As Chicago elections approach, Police Superintendent Jody Weis's proposal to shift more officers to crime-ridden areas has reignited an intense debate among aldermen, says the Chicago News Cooperative, writing for the New York Times. Black aldermen, many representing high-crime wards, said the extra help was long overdue; white aldermen vowed to fight any shift of officers, fearing a crime rise in their areas.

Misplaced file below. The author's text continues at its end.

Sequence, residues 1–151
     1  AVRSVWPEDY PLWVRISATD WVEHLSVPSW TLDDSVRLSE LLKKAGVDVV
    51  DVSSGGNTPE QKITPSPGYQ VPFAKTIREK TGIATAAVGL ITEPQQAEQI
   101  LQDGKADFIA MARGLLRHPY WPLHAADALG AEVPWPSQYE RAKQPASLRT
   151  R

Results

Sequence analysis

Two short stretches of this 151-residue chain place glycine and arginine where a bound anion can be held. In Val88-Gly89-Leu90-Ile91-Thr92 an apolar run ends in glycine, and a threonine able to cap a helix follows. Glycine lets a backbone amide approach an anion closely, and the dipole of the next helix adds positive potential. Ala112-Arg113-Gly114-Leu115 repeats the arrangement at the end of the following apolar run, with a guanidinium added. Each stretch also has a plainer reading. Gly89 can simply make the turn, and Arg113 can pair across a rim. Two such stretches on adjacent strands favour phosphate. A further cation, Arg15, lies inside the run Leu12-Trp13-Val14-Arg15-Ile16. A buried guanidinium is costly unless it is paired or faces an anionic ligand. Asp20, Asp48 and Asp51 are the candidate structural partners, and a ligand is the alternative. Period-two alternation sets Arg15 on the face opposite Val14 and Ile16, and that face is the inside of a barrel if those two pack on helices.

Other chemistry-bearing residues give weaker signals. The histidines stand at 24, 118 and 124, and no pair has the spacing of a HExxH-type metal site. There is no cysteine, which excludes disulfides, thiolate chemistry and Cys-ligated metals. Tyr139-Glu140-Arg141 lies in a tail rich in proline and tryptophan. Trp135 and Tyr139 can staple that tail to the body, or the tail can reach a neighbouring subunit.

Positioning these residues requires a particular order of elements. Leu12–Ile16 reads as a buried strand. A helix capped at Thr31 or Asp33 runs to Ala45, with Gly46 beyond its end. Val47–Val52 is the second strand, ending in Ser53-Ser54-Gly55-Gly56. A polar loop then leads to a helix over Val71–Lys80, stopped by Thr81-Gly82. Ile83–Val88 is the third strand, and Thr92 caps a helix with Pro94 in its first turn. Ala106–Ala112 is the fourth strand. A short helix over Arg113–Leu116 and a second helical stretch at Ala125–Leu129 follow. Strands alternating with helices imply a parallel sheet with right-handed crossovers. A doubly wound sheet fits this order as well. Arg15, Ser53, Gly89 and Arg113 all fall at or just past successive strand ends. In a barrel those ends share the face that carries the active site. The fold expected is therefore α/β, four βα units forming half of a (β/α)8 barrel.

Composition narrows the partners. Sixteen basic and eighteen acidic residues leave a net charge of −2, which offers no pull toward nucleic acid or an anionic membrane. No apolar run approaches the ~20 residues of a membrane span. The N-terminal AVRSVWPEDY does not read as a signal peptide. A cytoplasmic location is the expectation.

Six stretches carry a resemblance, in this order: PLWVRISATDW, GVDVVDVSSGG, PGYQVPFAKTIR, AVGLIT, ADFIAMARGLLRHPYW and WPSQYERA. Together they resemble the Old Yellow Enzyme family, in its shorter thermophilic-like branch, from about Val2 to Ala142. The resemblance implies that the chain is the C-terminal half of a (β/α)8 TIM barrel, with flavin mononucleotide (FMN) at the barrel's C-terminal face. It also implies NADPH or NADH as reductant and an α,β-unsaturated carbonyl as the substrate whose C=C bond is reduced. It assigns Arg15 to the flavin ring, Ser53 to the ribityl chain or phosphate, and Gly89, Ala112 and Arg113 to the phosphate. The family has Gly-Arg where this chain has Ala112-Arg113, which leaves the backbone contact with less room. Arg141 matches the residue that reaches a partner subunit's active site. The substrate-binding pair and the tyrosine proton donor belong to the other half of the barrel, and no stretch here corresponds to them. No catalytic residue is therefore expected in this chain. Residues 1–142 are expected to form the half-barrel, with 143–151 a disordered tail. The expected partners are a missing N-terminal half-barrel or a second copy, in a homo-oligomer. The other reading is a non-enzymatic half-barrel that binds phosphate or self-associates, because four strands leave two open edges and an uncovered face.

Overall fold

“This is common sense,” said Alderman Anthony Beale, chairman of the Police and Fire Committee. “When you have rapes, murders and assaults, you have to move resources.” Police officials say overall crime has dropped for the last 22 months, but a flare-up of violence – including the killings of three police officers – shook the city over the summer. Weis must manage an ever-leaner department. As of mid-October, there were 11,187 police officers, a drop of more than 400 since 2005. Budget officials have said that police hiring will probably not keep up with retirements next year. Staffing is based on finding the right number of officers to respond to calls while maintaining a visible presence and sticking to a budget.